Chat-Worthy Upcoming Flix: ‘Coriolanus’, Nolan’s Superman/Batman & ‘Jane Eyre’ remake

CORIOLANUS

If you read my blog regularly, you’ll know that I’ve sort of aspire to be a casting agent. One of my casting wish is to have my fave actor Gerard Butler to co-star with fellow Scottish actor Brian Cox. The multi-award winning actor is known for his villainous roles in Troy, Bourne Supremacy and X-Men 2, and he’s the first actor to play the role of Hannibal Lecter in Michael Mann’s Manhunter. Well, talk about wish granted! William Hurt’s apparently no longer attached to this project as previously reported, and Cox is his replacement! He joins another esteemed thespian Vanessa Redgrave, who just co-starred with him in the TV project The Day of the Triffid.

To refresh your memory, Coriolanus is Ralph Fiennes’ directing debut in which he’d play the lead role and Butler is playing his arch enemy Tullus Aufidius. Perhaps it’s no coincidence that Fiennes cast actors with theater background for this Shakespearean political tale. Coincidentally, Butler’s professional acting debut was playing the title Coriolanus, and his other stage work was Tennessee Williams’ Suddenly Last Summer with Rachel Weisz.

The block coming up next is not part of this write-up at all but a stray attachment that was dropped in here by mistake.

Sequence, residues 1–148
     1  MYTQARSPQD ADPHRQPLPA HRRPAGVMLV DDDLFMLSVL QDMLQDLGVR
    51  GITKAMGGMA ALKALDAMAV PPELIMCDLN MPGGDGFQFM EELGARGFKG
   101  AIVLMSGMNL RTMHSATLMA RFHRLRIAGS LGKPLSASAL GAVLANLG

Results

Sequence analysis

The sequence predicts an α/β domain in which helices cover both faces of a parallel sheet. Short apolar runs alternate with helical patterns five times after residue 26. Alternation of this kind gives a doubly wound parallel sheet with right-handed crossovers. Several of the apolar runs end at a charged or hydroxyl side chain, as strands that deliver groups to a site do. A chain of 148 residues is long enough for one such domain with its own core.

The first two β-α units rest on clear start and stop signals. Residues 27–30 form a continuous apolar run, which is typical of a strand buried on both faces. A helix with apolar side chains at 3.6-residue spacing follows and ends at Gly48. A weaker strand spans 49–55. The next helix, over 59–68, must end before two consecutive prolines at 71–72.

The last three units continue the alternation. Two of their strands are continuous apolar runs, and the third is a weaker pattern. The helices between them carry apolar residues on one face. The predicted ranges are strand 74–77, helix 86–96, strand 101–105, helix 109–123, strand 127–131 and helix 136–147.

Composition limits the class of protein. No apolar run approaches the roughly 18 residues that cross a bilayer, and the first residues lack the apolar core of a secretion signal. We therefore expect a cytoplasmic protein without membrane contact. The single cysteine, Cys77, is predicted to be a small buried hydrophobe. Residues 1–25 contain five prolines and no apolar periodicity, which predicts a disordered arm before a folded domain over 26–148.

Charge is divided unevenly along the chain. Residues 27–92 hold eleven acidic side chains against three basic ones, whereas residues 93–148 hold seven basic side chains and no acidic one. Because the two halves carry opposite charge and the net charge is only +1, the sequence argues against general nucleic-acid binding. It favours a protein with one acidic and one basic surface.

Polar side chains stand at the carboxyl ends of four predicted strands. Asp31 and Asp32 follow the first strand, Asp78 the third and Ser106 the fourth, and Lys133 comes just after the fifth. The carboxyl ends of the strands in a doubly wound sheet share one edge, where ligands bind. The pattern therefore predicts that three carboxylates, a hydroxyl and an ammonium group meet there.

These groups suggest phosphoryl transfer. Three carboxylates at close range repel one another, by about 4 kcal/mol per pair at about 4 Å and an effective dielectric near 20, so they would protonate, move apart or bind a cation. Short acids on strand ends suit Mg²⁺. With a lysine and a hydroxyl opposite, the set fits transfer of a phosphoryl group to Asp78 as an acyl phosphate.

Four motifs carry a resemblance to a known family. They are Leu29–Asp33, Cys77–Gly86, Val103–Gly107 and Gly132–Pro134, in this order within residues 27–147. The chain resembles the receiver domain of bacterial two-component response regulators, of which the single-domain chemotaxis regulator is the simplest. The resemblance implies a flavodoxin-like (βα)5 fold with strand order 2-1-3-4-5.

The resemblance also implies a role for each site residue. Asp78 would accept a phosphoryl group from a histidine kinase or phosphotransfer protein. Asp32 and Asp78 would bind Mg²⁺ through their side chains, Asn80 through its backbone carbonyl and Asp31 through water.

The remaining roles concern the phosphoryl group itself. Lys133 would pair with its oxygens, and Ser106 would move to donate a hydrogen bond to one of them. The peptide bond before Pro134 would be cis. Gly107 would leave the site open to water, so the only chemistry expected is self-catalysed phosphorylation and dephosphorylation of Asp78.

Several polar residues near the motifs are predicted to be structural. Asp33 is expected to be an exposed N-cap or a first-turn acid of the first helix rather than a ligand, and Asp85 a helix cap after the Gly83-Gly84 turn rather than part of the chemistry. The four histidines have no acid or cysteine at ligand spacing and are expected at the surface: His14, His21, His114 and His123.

Empire reports that shooting will start on location in Belgrade starting St. Patrick’s Day next week, and this is the most intriguing part: “… we’re told that the story will take place in a contemporary setting, so don’t expect togas.” Well, as much as I love to see ’em showing off their legs, I’m kinda digging the modern flair of this, a la Baz Luhrmann’s version of Romeo + Juliet.  In any case, we know the cast is impressive, but looks like Fiennes’ rounded up some stellar crews as well. The script is penned by John Logan (Gladiator, The Last Samurai, The Aviator), and he’s also got cinematographer Barry Ackroyd and sound mixer Ray Beckett, who are fresh out of their BAFTA and Oscar win for The Hurt Locker.

I hope this is just one of many more ‘meatier’ roles to come for Gerard, and by that I don’t mean showing off his abs … though if that’s the case here, who am I to complain? 🙂

Nolan speaks on Batman/Superman combo project